21 Important New Findings Harold et al. (2013a, 2013b)  Adoption study in UK  Controls for biological relatedness  Even in adoptive families, kids’ levels of ADHD elicit overcontrolling parenting from parents  AND, levels of harshness predict further ADHD symptoms, over time  It’s not all in the genes!

22 Ultimate cause?  The “real” cause of ADHD has to be compulsory education (same as for LD)  Certainly, ‘attention’ or ‘impulse control’ genes have been around for the history of our species, but extremes not salient until we made children sit and learn to read  If it’s true that achievement pressure “reveals” ADHD, is it also true that current high rates of pressure are fueling the recent explosion?

23 Developmental Paths  Infancy/temperament:  Activity level vs. effortful control  Preschool Manifestations (S. Campbell)  Careful evaluations of 3 and 4 year olds  See AAP Guidelines (2011)  Prospective predictions to mid-late childhood:  PPP =.5! Hence, multifinality apparent  That is, suggestions of (a) “he’ll grow out of it” and (b) “medicate today” are each fraught with error  Predictors of continuation:  (a) severity of early ADHD  (b) negativity of early parent/child interaction, controlling for severity of child’s ADHD

24 Parenting Influences on Positive Peer Status Hinshaw, Zupan, et al. (1997)  Aim: Predict peer acceptance from parenting  Ideas About Parenting (Heming et al., 1989)  3 factors = Authoritarian, Authoritative, Permissive  Authoritative Factor: 15 items  Warmth, Limits, Autonomy Encouragement--e.g.,  “ I encourage my child to be independent of me”  “I expect a great deal of my child”  “I have clear, definite ideas about childrearing”  “Raising a child is more pleasure than work”  “When I am angry with my child, I let him know”  “I reason with my child regarding misbehavior”


26 Results  Mothers of ADHD boys: lower on Authoritative  ES =.75  Yet variance in ADHD group equivalent to comparisons  Tested predictive power of parenting factors, observed overt and covert behavior, and internalizing score (CDI, observed withdrawal) via hierarchical regressions  Neither Authoritarian nor Permissive beliefs predicted peer nominations, but Authoritative beliefs did so (beta =.3), even with diagnostic group controlled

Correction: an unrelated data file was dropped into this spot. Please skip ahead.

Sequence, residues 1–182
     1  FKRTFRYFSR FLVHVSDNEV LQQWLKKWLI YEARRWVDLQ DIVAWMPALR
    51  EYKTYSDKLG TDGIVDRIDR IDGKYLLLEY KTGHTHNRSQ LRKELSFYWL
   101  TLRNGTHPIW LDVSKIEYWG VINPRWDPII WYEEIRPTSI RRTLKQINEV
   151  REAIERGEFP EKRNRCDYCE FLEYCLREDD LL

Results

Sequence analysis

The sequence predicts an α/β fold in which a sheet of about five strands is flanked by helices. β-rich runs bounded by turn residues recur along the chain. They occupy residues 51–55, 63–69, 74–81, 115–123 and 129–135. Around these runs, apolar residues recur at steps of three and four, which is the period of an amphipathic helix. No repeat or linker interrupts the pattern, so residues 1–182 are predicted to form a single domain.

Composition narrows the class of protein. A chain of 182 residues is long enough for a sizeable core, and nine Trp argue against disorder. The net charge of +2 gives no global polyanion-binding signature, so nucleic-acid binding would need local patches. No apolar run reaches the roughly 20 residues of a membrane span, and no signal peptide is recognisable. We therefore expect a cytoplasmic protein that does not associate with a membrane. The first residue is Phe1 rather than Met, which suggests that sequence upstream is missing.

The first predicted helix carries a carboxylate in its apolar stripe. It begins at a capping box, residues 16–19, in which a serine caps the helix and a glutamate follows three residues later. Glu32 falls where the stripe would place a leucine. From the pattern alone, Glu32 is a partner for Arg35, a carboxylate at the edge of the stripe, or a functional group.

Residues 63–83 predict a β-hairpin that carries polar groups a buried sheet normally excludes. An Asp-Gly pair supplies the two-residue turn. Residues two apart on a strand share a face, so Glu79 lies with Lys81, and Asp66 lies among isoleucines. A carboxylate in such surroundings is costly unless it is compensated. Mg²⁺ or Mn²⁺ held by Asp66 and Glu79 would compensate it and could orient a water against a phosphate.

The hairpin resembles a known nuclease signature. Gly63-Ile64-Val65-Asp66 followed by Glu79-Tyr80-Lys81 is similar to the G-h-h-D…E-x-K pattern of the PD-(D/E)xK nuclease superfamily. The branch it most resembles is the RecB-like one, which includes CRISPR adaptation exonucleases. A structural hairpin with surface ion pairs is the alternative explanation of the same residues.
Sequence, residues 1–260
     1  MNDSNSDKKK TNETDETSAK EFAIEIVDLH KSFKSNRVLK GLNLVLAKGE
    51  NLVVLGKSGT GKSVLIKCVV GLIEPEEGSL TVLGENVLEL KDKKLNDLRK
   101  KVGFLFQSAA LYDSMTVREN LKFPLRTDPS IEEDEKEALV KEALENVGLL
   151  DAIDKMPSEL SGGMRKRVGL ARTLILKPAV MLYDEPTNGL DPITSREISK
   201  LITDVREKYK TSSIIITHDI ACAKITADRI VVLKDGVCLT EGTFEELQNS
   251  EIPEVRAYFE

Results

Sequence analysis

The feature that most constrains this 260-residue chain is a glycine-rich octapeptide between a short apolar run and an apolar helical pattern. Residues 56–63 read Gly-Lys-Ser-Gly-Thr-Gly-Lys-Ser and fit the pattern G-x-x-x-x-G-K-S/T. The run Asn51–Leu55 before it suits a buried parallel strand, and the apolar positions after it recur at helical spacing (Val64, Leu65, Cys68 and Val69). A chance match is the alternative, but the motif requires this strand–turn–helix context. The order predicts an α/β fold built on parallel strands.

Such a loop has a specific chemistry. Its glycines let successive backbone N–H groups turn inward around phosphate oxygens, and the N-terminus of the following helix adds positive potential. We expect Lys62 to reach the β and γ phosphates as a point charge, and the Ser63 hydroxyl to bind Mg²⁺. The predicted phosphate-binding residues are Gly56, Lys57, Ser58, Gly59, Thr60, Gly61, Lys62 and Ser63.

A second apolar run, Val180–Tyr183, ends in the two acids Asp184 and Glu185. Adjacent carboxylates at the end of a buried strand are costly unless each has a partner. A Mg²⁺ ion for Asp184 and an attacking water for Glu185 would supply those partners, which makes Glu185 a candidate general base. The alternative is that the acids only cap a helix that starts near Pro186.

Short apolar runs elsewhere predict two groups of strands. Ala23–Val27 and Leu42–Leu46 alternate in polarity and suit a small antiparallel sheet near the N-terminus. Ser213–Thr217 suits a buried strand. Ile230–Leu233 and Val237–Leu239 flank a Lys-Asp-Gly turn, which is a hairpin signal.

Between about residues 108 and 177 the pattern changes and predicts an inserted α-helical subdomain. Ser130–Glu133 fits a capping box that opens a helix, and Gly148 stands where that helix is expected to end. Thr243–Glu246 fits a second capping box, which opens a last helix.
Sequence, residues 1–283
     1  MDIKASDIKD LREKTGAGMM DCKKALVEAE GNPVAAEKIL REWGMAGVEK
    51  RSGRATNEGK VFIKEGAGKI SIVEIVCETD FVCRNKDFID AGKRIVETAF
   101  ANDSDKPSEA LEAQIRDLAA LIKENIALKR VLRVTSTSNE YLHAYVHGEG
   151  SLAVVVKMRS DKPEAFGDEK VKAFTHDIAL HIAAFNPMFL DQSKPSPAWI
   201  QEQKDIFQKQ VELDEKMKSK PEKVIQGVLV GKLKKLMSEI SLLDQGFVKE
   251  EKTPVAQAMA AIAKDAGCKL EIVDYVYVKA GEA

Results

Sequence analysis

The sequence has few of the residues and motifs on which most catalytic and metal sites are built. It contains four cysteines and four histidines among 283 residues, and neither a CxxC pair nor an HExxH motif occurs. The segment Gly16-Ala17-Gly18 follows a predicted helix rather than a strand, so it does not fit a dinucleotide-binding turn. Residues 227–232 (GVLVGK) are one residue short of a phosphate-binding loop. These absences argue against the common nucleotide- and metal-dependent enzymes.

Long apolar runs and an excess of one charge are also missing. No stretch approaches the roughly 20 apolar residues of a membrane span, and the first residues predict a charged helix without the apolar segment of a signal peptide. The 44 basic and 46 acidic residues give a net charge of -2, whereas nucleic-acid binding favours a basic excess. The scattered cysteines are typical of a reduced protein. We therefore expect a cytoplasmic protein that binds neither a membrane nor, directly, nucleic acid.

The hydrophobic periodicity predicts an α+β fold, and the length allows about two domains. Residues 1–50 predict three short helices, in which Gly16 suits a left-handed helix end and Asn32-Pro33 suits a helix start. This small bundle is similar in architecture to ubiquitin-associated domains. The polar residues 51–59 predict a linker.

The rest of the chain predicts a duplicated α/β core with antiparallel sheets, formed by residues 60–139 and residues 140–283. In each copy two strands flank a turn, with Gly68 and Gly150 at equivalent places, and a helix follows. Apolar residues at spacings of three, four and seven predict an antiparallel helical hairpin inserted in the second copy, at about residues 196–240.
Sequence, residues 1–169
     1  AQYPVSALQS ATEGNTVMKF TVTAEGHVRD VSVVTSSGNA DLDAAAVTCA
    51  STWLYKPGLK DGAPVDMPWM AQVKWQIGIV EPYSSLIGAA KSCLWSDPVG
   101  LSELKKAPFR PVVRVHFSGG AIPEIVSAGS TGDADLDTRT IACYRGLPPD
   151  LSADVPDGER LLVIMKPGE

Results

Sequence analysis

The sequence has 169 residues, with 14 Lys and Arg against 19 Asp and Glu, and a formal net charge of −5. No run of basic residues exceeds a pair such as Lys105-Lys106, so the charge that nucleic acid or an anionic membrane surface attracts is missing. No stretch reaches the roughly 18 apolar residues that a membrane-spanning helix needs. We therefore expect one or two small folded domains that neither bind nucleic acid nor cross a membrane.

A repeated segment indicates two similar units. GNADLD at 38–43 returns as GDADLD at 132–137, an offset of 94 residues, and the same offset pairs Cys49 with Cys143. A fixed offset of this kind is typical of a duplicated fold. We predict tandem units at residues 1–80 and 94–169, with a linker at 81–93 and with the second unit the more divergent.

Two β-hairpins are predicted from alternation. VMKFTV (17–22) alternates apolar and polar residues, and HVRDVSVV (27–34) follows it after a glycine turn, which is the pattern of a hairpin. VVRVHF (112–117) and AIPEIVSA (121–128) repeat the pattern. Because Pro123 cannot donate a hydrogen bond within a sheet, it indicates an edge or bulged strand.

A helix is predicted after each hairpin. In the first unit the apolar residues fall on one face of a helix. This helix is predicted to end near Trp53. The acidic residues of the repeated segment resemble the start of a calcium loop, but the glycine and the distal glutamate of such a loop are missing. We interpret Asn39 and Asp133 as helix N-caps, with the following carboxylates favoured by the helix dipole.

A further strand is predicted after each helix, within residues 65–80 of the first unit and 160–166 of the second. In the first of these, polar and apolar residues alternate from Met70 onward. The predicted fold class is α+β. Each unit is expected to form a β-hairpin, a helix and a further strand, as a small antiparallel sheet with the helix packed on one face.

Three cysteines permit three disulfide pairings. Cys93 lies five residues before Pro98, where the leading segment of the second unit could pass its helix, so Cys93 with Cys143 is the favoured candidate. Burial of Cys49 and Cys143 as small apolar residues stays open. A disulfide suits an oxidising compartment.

27 Explained Variance in Positive Nominations

28 Moderation and Implications  Prediction applies only to ADHD group (beta =.30); for comparisons, beta =.00.  Key theme: “firm yet affirming” parenting style

29 Sex Differences/Female Presentation More in Part 2, tomorrow  Another myth: ADHD effects only boys!  Our sample (BGALS):  Largest in existence of preadolescent girls with ADHD (140, with 88 matched comparison girls)  Baseline: marked impairments across symptoms, impairments, neuropsych measures  Impairments maintained at 5-year follow-up  11/11 domains, with widening gap in math  Sources: Hinshaw (2002); Hinshaw et al. (2006), Journal of Consulting and Clinical Psychology 

30 10-year follow-up  95% retention rate (vs. 92% at 5 year)  How? Facebook, relentless staff  Despite ‘losing’ ADHD status majority of time, impairments maintain in academics, comorbidities, social functioning.  Yet, self-harm findings: Different adolescent path for girls??  Suicide attempts: 22% ADHD-C 8% ADHD-I 6% comparisons  NSSI: 51% ADHD-C 29% ADHD-I 19% comparisons